Mr. Williams of the Atlanta Business Chronicle recently offered his opinion on the Georgia legislature’s proposal to nullify the Affordable Care Act. Other than the usual mockery and standard ACA-support quotes from the Democratic Party, Mr. Williams’ remaining water-tight argument against nullification came down to this: “American history tells us nullification as a practical approach to government was pretty much settled with the defeat of the Confederacy in the Civil War.”

Apparently, a war filled with blatant disregard for the Constitution coupled with hideous violence committed against northern citizens, and southern secessionists, was enough to permanently alter the basic nature of the American system. In fact, why don’t we just throw out that silly, irrelevant constitution-thingy anyway? It’s so inconvenient.

Simply put, raw violence only settles which side can most efficiently wield force. The Civil War proved the north had superior military might. Nothing more. It certainly didn’t “settle” the legitimacy of nullification, any more than punching Williams in the nose would prove me right.

Just for fun, let’s pretend the U.S. Constitution is a valid document that we’d at least like to consider before we bundle up our liberties and drop them to the street from our 71st story balcony. Could it be that the Constitution was intended to be just as the Founders described – a compact between sovereign States? A voluntary union that sets up a general level of government with limited, enumerated powers – all other powers remaining in the hands of the States and the people? If we’re willing to consider that possibility, then we must be willing to consider the possibility that the States’ authority supersedes federal authority in all areas except those listed in the Constitution. And the mechanism that Madison, Jefferson and even Hamilton described to assert that State authority over unconstitutional federal acts still stands.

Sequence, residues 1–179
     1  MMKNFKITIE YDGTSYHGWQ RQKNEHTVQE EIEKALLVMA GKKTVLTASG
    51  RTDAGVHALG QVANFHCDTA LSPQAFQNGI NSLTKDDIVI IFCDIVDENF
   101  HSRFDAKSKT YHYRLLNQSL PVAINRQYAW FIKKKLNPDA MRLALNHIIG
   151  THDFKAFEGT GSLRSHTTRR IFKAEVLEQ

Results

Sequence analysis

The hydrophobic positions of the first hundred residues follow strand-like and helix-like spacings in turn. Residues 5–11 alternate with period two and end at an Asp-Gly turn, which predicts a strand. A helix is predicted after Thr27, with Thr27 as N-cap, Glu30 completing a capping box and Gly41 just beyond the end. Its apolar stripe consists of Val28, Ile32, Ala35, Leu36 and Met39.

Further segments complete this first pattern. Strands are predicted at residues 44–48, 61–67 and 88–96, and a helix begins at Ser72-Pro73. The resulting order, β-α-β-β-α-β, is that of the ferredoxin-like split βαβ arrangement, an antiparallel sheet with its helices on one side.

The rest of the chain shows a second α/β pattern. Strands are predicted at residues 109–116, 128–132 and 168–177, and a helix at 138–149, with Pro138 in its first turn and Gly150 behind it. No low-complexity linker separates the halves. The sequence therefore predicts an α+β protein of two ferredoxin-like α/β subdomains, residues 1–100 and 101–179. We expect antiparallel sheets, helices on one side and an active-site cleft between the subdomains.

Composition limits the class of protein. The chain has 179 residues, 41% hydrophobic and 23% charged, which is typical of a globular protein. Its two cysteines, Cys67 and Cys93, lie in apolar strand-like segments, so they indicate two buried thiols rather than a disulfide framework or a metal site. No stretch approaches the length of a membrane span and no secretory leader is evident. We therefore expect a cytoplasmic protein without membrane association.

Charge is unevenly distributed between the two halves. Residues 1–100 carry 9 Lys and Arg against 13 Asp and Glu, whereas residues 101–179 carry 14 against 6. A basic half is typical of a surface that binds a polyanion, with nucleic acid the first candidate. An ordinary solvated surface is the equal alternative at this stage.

As Jefferson so eloquently put it:

The several States composing, the United States of America, are not united on the principle of unlimited submission to their general government; but that, by a compact under the style and title of a Constitution for the United States, and of amendments thereto, they constituted a general government for special purposes — delegated to that government certain definite powers, reserving, each State to itself, the residuary mass of right to their own self-government; and that whensoever the general government assumes undelegated powers, its acts are unauthoritative, void, and of no force: that to this compact each State acceded as a State, and is an integral part, its co-States forming, as to itself, the other party: that the government created by this compact was not made the exclusive or final judge of the extent of the powers delegated to itself; since that would have made its discretion, and not the Constitution, the measure of its powers; but that, as in all other cases of compact among powers having no common judge, each party has an equal right to judge for itself, as well of infractions as of the mode and measure of redress.

Susan Kennison

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